7 Best Day Trips from Istanbul
Istanbul offers a lot for travellers seeking history, culture and cuisine. But if you’ve got your fill of the city, then there are many other options for those curious to see more. Not far from Istanbul, you’ll find some unique places to spend a day out.
Lucky for us, there are many options to spend some time in nature and enjoy a picnic with friends and family. If culture is more your interest then cities such as Edirne and Bursa are easy choices. For something unique in Turkey, head to Polonezköy with its Polish history.
Some places can only be reached by car but for some others, there are local buses. These bus operators offer rides in modern buses and comfortable seats.
Most of these day trips take less than 3 hours one way and are a great addition to an Istanbul trip if you’ve got an extra day or two. If you have a car, then exploring these places becomes even easier as you can take in the sights at your own pace.
Some places such as the Anadolu Kavağı and Polonezköy are within the city’s limits and can be reached in less than 50 minutes. Others like Şile and Ağva take around an hour from the Asian side. Bursa and Edirne are on opposite sides of Istanbul and take around 2-3 hours one way. The Sapanca Lake and the Seven Lakes National Park can be explored one after another.
1. Belgrad Forest
A great escape that’s not far off from Sarıyer is the Belgrad Forest, with many different parks and gardens inside. This is the place to slow down in nature.
Take a day off here and explores the many nature parks located inside. Many Istanbulites escape here for barbeques and picnics, on weekends and hot summer days. Bring your bicycles and/or sports shoes and enjoy the marked trails in the forest. On the way, explore the area’s many aqueducts, ponds and dams, and the ruins of a church.
You can find your way here after the aqueducts at Bahçeköy on Valide Sultan street, opposite Istanbul University’s sports pitch. A running/jogging path can lead you to the Neşet Suyu Nature park or Bentler park.
The Atatürk Arboretum is in the area. This botanical garden is beautifully landscaped. You’ll have to pay a little for it, however. Take in the beautiful views of the swans and lilies in the ponds throughout. It is a protected area so there are no facilities for food and drinks. As it is closed on Mondays, you’ll have to enjoy it on weekdays. Don’t be surprised to find the place teeming with photographers capturing couples in wedding attire.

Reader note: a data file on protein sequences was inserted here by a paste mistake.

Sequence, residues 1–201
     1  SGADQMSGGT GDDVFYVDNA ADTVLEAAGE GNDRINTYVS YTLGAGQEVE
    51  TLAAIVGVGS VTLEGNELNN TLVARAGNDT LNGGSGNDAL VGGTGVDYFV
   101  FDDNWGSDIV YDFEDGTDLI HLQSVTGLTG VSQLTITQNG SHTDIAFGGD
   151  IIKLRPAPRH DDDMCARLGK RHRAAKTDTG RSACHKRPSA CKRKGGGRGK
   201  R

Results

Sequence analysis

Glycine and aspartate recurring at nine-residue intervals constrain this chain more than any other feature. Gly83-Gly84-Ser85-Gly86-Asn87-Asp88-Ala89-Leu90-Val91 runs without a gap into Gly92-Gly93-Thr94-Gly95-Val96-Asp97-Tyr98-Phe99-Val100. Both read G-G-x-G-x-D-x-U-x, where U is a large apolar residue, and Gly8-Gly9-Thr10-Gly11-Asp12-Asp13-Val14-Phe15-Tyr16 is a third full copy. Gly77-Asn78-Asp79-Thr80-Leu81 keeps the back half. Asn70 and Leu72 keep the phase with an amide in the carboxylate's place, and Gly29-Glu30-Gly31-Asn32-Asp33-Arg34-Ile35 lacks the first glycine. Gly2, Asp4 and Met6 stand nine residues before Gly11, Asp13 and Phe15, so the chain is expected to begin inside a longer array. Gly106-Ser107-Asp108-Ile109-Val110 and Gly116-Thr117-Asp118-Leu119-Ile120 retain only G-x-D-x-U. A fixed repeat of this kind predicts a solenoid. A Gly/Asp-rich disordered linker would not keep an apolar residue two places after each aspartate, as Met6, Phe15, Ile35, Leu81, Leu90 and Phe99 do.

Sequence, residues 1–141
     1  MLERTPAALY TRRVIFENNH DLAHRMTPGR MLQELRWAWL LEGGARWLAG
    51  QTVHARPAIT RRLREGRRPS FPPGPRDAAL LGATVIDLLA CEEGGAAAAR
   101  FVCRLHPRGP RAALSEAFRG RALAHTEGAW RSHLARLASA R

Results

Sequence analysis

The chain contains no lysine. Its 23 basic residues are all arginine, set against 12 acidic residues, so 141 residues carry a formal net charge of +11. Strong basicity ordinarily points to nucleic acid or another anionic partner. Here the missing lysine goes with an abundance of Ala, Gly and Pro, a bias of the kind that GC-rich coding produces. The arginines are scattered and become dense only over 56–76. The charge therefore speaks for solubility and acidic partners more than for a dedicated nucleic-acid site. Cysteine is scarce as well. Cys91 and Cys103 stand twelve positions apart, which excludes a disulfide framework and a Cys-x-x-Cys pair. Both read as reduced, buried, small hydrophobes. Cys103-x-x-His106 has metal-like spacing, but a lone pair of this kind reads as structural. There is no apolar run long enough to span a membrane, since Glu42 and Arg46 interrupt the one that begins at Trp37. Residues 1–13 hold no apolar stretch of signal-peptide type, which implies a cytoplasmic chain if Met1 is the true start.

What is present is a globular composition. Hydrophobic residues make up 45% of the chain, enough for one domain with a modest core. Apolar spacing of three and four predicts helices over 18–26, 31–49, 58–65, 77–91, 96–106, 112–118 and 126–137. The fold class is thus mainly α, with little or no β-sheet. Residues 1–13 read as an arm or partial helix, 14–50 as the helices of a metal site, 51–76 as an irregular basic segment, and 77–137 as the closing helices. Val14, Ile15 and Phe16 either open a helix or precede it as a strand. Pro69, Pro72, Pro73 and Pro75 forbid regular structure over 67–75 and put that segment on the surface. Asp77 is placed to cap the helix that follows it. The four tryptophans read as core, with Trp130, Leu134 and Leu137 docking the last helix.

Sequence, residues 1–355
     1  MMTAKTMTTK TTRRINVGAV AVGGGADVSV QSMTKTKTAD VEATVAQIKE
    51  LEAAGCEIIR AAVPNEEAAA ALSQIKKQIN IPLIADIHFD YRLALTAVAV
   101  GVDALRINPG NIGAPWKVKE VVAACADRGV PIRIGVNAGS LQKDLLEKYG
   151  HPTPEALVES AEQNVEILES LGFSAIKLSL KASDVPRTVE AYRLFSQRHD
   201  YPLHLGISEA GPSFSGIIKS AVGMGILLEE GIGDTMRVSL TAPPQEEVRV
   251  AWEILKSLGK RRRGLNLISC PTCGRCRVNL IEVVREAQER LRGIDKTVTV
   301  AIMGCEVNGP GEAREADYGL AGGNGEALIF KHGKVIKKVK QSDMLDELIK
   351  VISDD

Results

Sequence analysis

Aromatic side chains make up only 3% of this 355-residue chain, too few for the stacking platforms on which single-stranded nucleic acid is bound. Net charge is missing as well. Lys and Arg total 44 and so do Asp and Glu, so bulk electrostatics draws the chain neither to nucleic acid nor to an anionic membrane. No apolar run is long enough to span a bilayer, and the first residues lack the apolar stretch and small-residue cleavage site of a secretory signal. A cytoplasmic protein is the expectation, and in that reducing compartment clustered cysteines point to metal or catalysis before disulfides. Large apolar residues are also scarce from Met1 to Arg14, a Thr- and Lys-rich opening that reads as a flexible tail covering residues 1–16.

2. Anadolu Kavağı
Anadolu Kavağı can be a great choice for a day out of the busy city because it can be described as a sleepy fisherman’s village. A 30-min walk up to a nearby castle called Yoros Kale rewards you with a great view of the confluence of the Bosphorus and the Black sea.
Perched atop the hill nearby, excavations in the castle revealed artefacts signalling the importance of this place. The castle is in ruins now and hence, there are no admission fees. Nonetheless, it offers great views of the strait and the Third Bosphorus Bridge.
The views north from here highlight the importance of this lookout/defence point, as it served the Byzantines, the Genoese and later, the Ottomans. Nearby, Joshua’s Hill is thought to be the resting place of the Biblical figure, Joshua, and is a popular pilgrimage site.
After exploring the castle, enjoy some fresh fish at the waterfront restaurants near the pier. It’s a popular place frequented by locals. The Bosphorus ferry boats offer rides here from/to many parts of Istanbul. Catch one early in the morning and enjoy this peaceful part of Istanbul, preferably during the weekdays.
3. Şile and Ağva
An hour outside of Istanbul, you’ll be in Şile on the Black sea coast. The resort town has a striking stone lighthouse that is painted black and white. Around 19 meters tall, it overlooks the rocky cliffs and its illumination can be seen miles away.
The rough Black sea currents make the beaches in this part of Istanbul for advanced swimmers. Other attractions such as a small castle and a waterfront park make it a great choice for a day trip. Take a stroll at the port and visit the renovated castle perched on a huge rock.
You’ve got plenty of choices for seafood in the small town so pick a crowded place and you won’t be disappointed. Small boutique accommodations in the town can be an option for an overnight stay. The Ağlayan Kaya Picnic area with an amazing view of the Black Sea can be another option.
A smaller town East from here is Ağva. At the mouth of two creeks, you’ll find many hotel options. If you’ve ever dreamed of riverside board and breakfast, then Ağva can fulfil it. You can then explore the wonderful river via boat excursions, offered by hotels. You can be picked up on the riverside right outside your room!
On the Asian side not far from Beykoz, you’ll find the village called Adampol or Polonezköy, settled in by emigres from Europe. After Polish rebellions and other revolutions against the Russian Empire in the 1800s, a Polish nobleman Adam Czartoryski bought land in the Ottoman Turkey.
Today, the village has turned very touristy, but it offers something unique in Istanbul. Some old houses have now been converted into hotels or boarding places. You can find some brunch spots and bistros housed in European-style wooden houses, providing some real village atmosphere. Try some dishes at Mari’s House from 1842 or at Polina, for instance. Indulge in some Polish cuisine at Gospada 1882 or a breakfast at Leonardo Polonezköy.